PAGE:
Menstrual CyclePeriodPMS and PMDD

Hormonal Headaches and Menstrual Migraines

Several types of headaches are linked to changing levels of the hormones estrogen and progesterone. Women often get menstrual migraines anywhere from 2 days before their period to 3 days after it starts. But anything that changes these hormone levels can cause them. The degree to which those levels shift, not the change itself, determines how severe they are.


Birth control:

The pill can make migraines worse for some women and lessen them for others. Three weeks out of every month, they keep the hormones in your body steady. When you take placebo pills or no pills at all, during the week of your period, your estrogen levels plummet and your head can pound. If you’re prone to hormonal migraines, taking birth control that contains low amounts of estrogen or only progestin may help.

Hormone replacement therapy:

This type of medicine women take during menopause to control their hormones can also set off headaches. An estrogen patch is less likely to make headaches worse than other types of estrogen, because it gives you a low, steady dose of the hormone.


Once you stop having periods for good, you’ll probably have fewer migraines. If you’re on estrogen replacement therapy and your headaches get worse, your doctor may lower the dose, advise you to stop taking it, or change to a different type. An estrogen patch may be a better option if you and your doctor decide that estrogen replacement is right for you.. It keeps your estrogen level steady, so a menstrual migraine is less likely to happen. Some women notice that while migraines get better, tension headaches get worse during this time.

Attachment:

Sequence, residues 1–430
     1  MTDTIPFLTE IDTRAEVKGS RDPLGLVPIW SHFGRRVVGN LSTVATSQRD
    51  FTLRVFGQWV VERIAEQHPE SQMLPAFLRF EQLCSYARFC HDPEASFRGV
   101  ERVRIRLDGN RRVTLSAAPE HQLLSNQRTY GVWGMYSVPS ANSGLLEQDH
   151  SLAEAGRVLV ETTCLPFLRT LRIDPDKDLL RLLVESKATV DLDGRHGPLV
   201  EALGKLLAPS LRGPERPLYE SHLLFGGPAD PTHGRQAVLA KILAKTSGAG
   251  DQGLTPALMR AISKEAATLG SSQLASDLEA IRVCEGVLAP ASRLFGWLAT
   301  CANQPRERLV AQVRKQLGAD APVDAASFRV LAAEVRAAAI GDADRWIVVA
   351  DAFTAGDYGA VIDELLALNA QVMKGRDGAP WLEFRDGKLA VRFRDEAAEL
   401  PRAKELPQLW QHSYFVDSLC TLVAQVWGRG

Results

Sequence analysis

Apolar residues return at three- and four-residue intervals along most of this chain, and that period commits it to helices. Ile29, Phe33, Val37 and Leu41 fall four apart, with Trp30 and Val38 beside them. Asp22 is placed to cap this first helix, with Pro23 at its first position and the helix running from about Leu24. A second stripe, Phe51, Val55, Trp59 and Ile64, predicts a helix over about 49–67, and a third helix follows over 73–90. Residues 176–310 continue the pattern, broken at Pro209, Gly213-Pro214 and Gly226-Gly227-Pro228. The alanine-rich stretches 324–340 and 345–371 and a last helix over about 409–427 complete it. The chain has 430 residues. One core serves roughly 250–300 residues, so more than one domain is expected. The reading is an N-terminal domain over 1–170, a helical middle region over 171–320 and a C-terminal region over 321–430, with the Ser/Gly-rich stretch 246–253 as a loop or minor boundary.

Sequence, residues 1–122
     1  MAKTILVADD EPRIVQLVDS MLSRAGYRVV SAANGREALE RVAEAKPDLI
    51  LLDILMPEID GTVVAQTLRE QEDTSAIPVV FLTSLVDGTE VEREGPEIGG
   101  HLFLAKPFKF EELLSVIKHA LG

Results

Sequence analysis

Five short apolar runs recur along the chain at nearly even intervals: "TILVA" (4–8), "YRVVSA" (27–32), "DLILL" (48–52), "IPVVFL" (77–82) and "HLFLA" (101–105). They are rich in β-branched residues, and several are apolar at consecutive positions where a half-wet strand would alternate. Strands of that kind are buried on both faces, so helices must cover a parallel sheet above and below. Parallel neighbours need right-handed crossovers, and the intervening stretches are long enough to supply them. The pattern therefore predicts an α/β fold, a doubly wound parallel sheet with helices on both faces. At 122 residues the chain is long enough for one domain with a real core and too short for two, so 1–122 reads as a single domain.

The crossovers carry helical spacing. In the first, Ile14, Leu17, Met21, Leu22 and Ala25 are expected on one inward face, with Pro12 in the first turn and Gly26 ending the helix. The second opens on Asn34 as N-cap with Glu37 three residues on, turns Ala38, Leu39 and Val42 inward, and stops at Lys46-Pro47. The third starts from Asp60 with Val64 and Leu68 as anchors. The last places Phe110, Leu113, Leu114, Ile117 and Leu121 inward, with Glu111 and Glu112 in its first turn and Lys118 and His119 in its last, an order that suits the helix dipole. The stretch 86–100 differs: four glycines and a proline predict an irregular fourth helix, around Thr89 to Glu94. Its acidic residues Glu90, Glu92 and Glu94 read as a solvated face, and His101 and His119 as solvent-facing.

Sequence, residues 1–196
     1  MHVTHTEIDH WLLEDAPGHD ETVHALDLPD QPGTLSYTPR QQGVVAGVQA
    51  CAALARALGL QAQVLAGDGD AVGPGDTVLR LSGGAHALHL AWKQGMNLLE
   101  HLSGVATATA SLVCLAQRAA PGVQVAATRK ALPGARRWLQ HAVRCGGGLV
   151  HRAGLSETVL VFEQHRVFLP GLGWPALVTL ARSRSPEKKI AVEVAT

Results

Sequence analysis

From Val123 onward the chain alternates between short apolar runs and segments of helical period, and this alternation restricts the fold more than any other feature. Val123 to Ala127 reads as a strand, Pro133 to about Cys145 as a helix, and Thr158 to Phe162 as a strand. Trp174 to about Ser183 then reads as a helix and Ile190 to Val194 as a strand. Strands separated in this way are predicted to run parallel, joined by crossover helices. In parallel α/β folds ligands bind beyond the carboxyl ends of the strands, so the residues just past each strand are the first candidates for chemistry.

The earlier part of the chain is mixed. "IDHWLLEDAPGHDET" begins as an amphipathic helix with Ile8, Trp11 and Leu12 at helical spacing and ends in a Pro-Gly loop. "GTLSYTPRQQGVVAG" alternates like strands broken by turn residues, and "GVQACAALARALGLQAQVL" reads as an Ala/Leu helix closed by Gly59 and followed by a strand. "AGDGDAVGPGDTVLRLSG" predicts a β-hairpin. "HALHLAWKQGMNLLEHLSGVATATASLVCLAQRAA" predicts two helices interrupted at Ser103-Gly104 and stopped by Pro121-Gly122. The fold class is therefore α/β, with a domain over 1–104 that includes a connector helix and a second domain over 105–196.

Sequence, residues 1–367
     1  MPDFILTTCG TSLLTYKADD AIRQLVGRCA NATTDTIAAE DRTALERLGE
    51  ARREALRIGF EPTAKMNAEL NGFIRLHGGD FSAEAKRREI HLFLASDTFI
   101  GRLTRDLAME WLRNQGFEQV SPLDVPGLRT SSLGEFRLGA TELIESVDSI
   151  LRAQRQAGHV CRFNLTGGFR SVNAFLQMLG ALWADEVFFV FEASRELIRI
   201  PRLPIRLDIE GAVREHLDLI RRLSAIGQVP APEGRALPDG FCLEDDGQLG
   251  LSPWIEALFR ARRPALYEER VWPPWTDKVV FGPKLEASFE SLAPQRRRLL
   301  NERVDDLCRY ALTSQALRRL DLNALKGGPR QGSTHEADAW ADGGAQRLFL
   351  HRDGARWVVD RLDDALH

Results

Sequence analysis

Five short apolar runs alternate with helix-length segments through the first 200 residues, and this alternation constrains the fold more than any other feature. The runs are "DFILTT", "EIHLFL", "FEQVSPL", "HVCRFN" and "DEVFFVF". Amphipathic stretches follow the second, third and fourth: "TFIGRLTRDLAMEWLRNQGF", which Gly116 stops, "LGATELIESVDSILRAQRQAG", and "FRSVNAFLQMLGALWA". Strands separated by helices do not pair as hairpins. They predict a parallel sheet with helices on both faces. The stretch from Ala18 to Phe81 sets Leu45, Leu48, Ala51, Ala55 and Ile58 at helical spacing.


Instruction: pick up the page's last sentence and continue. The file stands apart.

Does it seem like you always get migraines right around your period? You’re not imagining that the two are linked. About 60% of women with migraine get a type of headache called menstrual migraines. Right before your period, the amount of estrogen and progesterone, two female hormones, in your body drops. This drastic change can trigger throbbing headaches.


In the years before menopause, estrogen levels go on a roller-coaster ride. Many women get both tension headaches, which result from stress, and migraines during this time.


During the first trimester, estrogen levels rise quickly, then level out. Because of this, many women notice that their migraines get better or go away after their third month of pregnancy. If you still get headaches, don’t take any drugs. Many migraine medicines are bad for your baby. An over-the-counter pain reliever like acetaminophen should be safe, but check with your doctor before you take it.


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